Without a timely end to the government shutdown, Springdale-based transit provider Ozark Regional Transit might be out of money by Independence Day. Executive Director Joel Gardner said Thursday (Jan. 24) that 48%, or $1.4 million, of the transit provider’s operating budget comes from federal funds and explained the impact of the shutdown to board members after reporting on a 10-year transit plan for Northwest Arkansas.
Gardner said one of the things he’s excited about with the work on the plan is to determine ways to be less dependent on federal funds for operations. The government shutdown might impact the schedule in the construction of a 10,000-square-foot administration office, when ORT might receive 12 new buses it ordered in September and plans to purchase four minivans for its paratransit service to replace existing ones with 250,000 miles.
Board members approved Gardner to reach out to granting agencies in and out of the area to bridge the funding gap. Funding is expected to be discussed again at the board’s next meeting March 28, if the shutdown isn’t resolved by then. The 10-year transit plan also could be impacted by the shutdown.
Work to develop the 10-year transit plan Connect Northwest Arkansas is expected to be completed in spring 2020 after multiple public meetings to gather input from residents and talks with regional transit providers and planners. Tim Simon, a transportation planner for Alliance Transportation Group of Austin, Texas, explained on Thursday the process to develop the plan to ORT board members and sought guidance on completing the plan.
Northwest Arkansas Regional Planning Commission on Dec. 21 hired Alliance Transportation Group to complete the plan. The $279,579 contract will be paid for with federal funding, and the money has yet to become available as the government is shut down. The commission receives such funding as reimbursements for expenses, said Tim Conklin, transportation program manager for the commission. Also, funding from the Federal Transit Administration that the commission distributes to ORT and Razorback Transit are accounted for similarly.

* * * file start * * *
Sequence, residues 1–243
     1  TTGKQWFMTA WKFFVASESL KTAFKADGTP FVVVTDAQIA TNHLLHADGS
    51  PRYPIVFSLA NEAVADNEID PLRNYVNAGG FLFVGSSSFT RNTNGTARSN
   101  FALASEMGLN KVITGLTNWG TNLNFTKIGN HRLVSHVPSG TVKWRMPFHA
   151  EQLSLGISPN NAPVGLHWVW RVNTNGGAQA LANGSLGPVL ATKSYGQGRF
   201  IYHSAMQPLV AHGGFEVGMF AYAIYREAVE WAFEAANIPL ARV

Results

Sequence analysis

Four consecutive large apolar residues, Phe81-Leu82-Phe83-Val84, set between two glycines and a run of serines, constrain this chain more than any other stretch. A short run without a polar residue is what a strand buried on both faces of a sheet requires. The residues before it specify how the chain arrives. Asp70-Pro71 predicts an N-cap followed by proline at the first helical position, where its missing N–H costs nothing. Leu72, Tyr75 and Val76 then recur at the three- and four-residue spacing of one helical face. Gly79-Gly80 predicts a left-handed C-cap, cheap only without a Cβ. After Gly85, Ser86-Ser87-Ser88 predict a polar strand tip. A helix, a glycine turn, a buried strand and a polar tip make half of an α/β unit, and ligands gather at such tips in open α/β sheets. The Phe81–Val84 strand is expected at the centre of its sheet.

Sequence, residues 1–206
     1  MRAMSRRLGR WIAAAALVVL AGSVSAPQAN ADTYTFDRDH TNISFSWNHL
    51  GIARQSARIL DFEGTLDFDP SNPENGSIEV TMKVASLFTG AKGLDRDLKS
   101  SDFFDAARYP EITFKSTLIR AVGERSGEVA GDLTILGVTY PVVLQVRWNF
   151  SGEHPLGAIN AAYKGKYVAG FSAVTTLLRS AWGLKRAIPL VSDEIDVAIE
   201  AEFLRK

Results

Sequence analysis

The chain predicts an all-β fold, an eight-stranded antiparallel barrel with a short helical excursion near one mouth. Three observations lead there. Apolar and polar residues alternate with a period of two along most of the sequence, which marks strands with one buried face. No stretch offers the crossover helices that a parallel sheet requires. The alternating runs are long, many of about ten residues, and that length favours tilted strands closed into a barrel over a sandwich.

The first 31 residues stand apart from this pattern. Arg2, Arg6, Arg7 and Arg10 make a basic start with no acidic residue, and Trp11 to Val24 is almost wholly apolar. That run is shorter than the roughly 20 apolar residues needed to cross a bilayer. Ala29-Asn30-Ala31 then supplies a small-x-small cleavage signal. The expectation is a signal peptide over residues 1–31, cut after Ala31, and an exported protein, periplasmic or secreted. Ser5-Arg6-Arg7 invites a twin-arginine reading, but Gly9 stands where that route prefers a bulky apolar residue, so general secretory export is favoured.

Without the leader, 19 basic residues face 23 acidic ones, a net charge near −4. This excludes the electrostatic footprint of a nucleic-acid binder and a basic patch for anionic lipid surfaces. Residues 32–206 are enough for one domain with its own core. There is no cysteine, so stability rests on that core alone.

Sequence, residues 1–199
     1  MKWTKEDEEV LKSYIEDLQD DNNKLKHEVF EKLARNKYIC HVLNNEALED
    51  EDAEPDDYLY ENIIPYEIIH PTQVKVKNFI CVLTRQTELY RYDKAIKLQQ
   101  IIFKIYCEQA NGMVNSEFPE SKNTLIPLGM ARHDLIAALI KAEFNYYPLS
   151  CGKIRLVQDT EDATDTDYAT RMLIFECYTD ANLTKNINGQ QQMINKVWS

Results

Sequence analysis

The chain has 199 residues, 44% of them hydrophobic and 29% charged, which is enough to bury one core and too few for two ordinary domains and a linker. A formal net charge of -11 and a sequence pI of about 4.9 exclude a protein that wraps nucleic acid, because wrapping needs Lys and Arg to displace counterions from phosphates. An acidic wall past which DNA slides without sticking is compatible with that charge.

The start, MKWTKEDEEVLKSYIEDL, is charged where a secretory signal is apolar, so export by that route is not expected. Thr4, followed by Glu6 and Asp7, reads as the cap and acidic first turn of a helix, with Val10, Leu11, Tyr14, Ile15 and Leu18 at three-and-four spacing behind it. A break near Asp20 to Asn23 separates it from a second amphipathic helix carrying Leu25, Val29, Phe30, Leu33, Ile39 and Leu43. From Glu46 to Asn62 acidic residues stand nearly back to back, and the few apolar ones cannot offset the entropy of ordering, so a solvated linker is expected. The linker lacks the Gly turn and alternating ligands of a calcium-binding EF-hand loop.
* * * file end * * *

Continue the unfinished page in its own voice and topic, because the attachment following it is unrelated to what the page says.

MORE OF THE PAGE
Simon said he started work on the plan Jan. 2 and is reaching out to area transit providers, including Fayetteville-based Razorback Transit, and planning organizations to determine the existing service offered in the region. He expects the public input meetings to start this spring, and they will include an education component. A final presentation of the 10-year plan is expected in spring 2020.
Work on the plan follows a four-part speaker series hosted in 2017 and 2018 by Northwest Arkansas Regional Planning Commission. The Walton Family Foundation sponsored the series and provided a nearly $80,000 grant for it. Topics of the series included the transit projects that peer regions and neighboring cities have completed, such as bus rapid transit and streetcar service.
Simon explained that the transit plan will build on the speaker series and also incorporate other recent plans, such as the report consultant KFH Group completed for ORT on a bus rapid transit study for U.S. Highway 71B, from Bentonville to Fayetteville. The consultant recommended a two-year pilot project, and a favored option had startup costs of $15.876 million and annual operating costs of $3.57 million. ORT’s 2019 budget is $3.35 million.
Simon also said he would compare numbers from existing routes, such as those in Fayetteville, which have been successful since ORT and Razorback started working together to increase the frequency and ORT stopped charging riders fares in the city. The city increased the money it gives to the transit provider to offer the fare-free service. Ridership in Fayetteville rose 43% to 32,107 passengers in the fourth quarter of 2018, from the same period in 2017, according to ORT.
The transit plan is expected to include a regional vision but with the ability to be adapted to each community, Simon said. It also will include performance measures, service standards and look at transit across all modes. He wants to dig into the numbers to determine actual costs for transit services, and he expects the final plan to include a robust technical analysis to justify its implementation to city officials. Implementing the plan will come with a cost, but he said it will show how it can be put into place slowly.
Along with the public meetings, a survey will be offered to residents to provide input. When asked about if he plans to reach out to Bentonville-based retailer Walmart, Simon said he would, and he plans to send surveys to receive input from the employees. He also might seek to receive zip codes of employees to determine from where they are coming to get to work.
When asked about light rail, Simon said he’d want to focus on improving the existing service before considering that. He explained that installing light rail before improving existing service might mean riders waiting for 60 minutes for a bus in order to reach their destination. He also said not many people are going to take three different buses to go from Bentonville to Fayetteville.